Not too long ago one had the occasion to go back to Rogers, Arkansas where one graduated from high school. Yes, it had changed. It was the first time one had been back in quite some time. Moving there after one’s father retired from the Air Force in 1970, the population of Rogers was just a little over 5,000. Today the highway sign says about 53,000.
Some of the “old spots” were still there, but the surroundings were so changed that if you didn’t know what you were looking for you would miss it. Country dirt roads are now paved and the pastures are covered with subdivisions and strip malls. Where one’s high school girlfriend used to go horseback riding are now gated communities. The soda fountain/drug store downtown is an antique and craft shop. A bit of nostalgia took over.
One almost wishes he could make it all the “way it was.” One wishes he could dust off the streets and walk through the familiar neighborhood, and visit the familiar faces. But, one can’t. He must accept the change – like it or not. No one can live in the past no matter how comfortable and how wonderful it was. Would one really want to go back and live those turbulent teenage years over again? Honestly, no!
The Apostle Paul writes, “Hope that is seen is not hope, why does one still hope for what he sees?” (Romans 8:24) One’s hope, our hope is not in the past – what one has seen or can see. One’s hope is in the new creation, new life, new direction that comes to us through the saving power of Christ and the sustaining power of the Holy Spirit. One’s hope is in what lies ahead, not the idealized images of the past.
Change is the only constant in one’s lives. Change is never easy. People usually don’t change until the pain of functioning in the “same old” way is greater than the pain of making the necessary changes. This is true for everyone, for the church, for the nation, for the world, for humanity. Renewal and restoration are constant themes of the Bible. The shepherd writes “He restores my soul.” He doesn’t bring back the past. He doesn’t camouflage the old. He restores and makes new. He will restore the calling. He will restore the mission. HE WILL RESTORE THE HOPE. HE WILL RESTORE THE SOUL.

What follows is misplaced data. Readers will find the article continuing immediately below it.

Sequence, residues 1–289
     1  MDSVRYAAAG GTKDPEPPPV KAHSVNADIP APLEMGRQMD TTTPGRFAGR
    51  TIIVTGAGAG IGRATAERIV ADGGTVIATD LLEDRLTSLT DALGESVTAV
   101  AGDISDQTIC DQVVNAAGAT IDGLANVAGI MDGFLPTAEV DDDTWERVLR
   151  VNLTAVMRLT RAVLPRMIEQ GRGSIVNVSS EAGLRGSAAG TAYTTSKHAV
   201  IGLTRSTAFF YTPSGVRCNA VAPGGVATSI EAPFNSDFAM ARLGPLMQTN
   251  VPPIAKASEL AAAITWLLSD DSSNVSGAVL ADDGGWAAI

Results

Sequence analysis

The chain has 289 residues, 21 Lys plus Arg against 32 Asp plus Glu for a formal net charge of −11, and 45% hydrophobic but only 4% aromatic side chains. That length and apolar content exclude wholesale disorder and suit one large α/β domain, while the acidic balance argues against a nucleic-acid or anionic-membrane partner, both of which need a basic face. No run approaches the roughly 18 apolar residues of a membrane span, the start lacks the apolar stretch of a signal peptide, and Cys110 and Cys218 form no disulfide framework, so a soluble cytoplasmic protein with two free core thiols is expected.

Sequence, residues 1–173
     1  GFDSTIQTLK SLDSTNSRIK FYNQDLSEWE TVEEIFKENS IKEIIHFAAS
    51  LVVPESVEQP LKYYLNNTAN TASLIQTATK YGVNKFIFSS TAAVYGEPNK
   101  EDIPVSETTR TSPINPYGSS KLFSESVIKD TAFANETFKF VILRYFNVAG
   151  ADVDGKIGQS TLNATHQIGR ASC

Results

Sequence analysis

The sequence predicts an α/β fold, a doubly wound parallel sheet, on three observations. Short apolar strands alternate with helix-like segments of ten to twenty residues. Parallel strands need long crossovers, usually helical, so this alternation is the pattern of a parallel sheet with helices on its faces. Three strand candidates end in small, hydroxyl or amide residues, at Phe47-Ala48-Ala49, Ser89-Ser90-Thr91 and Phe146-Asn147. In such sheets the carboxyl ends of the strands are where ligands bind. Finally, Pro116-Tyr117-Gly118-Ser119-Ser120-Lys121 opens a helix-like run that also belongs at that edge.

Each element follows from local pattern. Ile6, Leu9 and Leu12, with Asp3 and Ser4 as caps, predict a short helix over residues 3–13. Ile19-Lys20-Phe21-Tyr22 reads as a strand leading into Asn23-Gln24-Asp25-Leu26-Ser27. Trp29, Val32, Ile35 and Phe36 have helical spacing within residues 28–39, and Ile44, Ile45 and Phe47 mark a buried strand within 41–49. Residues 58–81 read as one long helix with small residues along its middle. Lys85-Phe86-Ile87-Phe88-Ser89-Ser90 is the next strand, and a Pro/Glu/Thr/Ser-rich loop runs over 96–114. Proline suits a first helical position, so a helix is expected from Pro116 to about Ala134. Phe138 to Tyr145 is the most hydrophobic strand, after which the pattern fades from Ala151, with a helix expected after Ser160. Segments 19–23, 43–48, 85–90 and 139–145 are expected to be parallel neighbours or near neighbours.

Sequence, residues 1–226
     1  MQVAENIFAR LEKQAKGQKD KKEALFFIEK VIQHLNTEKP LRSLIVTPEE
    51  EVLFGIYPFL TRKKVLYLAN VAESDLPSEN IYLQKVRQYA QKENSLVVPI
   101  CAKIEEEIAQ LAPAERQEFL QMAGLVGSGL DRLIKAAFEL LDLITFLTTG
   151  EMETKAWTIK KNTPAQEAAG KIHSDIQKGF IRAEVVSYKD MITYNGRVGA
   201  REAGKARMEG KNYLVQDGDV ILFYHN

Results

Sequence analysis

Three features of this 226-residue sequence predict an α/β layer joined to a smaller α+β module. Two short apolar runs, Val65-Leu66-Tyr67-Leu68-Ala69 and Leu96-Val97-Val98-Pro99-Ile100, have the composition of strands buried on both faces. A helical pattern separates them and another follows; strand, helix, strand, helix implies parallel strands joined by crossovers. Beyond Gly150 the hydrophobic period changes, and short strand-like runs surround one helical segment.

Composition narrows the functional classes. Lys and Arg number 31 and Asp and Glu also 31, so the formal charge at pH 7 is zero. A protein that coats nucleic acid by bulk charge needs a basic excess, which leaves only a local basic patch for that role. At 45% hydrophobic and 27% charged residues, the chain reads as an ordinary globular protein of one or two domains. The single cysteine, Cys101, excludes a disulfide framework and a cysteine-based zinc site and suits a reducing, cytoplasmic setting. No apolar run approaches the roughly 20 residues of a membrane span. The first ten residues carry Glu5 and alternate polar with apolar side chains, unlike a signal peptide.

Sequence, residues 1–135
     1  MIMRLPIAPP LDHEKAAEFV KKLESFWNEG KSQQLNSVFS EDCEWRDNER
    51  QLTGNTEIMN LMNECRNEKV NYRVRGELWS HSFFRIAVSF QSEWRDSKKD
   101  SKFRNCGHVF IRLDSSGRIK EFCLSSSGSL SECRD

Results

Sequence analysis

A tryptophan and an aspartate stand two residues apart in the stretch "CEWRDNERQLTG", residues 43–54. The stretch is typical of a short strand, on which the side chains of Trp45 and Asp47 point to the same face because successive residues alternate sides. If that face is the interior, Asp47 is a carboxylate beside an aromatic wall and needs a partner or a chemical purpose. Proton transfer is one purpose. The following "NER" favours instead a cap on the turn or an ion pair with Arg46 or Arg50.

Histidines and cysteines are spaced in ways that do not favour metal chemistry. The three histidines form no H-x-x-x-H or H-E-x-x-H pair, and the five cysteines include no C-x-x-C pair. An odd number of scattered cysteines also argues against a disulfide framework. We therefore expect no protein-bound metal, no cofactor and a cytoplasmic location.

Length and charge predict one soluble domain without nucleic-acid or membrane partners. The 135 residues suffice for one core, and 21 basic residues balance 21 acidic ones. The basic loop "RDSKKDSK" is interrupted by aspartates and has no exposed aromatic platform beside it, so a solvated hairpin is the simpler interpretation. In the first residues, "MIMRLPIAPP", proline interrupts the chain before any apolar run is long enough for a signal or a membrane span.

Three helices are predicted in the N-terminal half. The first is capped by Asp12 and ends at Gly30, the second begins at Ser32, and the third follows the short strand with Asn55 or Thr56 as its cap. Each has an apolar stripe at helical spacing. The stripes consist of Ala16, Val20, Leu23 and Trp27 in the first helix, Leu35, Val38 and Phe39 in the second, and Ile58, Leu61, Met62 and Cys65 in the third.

No matter what the age, no matter what the stage or circumstance in life, one cannot live without hope. One cannot hold so tightly to the “old ways” that they become an immovable anchor keeping one from the true potential.
Everyone is being shaped daily by the Master Sculptor. He chisels, chips, sands and shapes to bring out what he has in mind. He rounds and smooths the rough corners of the character. Sometimes this chiseling, chipping, sanding and rounding is painful and uncomfortable. But when one allows the Master Sculptor to have his way then everyone becomes all that he has intended. And when the final shine is placed on the sculpture of one’s lives, the life of the church, the nation, the world, then everyone will stand brilliantly in His presence, having achieved all he has sought for everyone to achieve.
O Lord, chisel me, chip me, sand me, polish me, shape me, mold me into what you would have me be and yes, Lord, comfort me in the pain and discomfort of the process, for you are making all things “NEW” and that includes me. My HOPE is in you.”
Rev. J. Pete Hyde, Senior Pastor
Santa Rosa Beach Community Church
The post A Pastor’s Ponderings appeared first on South Walton Life | 30A News, Events and Community Information.
South Walton Life | 30A News, Events and Community Information South Walton Life | 30A News, Events and Community Information READ MORE